The 3-COLOR problem takes as input a graph and decides whether it can be colored using only 3 colors so that no 2 adjacent nodes have the same color.
The reduction from 3-SAT to 3-COLOR uses the following gadget (see below) to represent a clause in the 3-SAT formula.
It is clear that a valid 3-coloring exists only when at least one of x, y, or z has the same color as T. Now, suppose all 3 literals are False. Then, if the x, y and z nodes are colored the same as the F node, there is no valid 3-coloring.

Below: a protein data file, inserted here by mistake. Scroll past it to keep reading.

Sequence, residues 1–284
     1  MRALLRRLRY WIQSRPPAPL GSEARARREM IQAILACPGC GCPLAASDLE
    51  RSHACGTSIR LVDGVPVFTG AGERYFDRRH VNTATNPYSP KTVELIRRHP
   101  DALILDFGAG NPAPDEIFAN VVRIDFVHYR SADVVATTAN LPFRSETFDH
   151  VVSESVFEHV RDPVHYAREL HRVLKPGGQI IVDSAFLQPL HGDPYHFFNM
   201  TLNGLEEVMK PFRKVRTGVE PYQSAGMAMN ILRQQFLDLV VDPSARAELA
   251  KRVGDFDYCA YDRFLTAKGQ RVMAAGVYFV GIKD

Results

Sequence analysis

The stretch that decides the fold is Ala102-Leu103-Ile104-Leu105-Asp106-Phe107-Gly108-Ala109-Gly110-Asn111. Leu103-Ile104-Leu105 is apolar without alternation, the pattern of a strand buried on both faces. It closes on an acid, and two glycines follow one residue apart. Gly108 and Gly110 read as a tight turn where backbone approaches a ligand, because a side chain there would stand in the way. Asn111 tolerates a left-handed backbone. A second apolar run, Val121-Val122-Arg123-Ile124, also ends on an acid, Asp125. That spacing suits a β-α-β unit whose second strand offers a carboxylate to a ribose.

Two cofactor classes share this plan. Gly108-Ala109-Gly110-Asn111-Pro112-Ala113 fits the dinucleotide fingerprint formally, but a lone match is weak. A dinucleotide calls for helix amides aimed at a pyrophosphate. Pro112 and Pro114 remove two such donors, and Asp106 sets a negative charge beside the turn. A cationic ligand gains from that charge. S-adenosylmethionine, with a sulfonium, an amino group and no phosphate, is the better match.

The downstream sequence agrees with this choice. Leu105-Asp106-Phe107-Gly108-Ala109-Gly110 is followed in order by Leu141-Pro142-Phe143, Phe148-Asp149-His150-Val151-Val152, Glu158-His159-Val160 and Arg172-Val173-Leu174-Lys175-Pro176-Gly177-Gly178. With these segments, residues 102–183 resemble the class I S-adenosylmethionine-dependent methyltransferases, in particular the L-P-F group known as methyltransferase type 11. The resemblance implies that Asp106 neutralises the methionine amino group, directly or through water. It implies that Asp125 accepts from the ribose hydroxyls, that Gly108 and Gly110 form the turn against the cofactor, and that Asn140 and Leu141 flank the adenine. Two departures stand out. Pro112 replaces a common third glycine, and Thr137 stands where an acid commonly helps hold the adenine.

However, to the 3-color algorithm, the gadget is just a subgraph. Even if x, y and z are False, if we color them the same as the T node, there would be a valid coloring. It's not clear to me that you can specify in the input to the 3-color algorithm that if a literal is False/True, it should have the same color as F/T.
So, how is the reduction valid?